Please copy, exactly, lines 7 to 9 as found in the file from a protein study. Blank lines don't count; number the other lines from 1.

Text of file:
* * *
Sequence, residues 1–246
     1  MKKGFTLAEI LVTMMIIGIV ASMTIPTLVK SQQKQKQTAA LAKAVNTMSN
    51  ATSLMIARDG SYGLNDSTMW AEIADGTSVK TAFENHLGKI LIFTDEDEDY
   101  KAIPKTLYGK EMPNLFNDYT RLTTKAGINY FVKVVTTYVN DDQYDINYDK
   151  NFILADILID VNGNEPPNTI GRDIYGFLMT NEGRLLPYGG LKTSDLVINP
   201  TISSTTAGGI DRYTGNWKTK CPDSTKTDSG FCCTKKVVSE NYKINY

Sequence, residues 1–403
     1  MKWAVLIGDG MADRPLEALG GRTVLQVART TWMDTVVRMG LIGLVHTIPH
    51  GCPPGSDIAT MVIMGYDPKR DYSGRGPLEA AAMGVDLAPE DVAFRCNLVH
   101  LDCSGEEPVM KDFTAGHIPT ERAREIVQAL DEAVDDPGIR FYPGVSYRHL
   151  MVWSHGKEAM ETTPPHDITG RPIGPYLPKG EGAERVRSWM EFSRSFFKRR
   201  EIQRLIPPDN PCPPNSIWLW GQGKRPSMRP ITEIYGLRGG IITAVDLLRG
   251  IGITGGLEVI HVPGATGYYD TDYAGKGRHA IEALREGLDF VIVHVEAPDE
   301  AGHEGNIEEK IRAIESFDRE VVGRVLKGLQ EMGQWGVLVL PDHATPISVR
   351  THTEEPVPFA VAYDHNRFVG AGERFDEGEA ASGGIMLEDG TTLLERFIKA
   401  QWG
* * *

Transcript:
Sequence, residues 1–403
     1  MKWAVLIGDG MADRPLEALG GRTVLQVART TWMDTVVRMG LIGLVHTIPH
    51  GCPPGSDIAT MVIMGYDPKR DYSGRGPLEA AAMGVDLAPE DVAFRCNLVH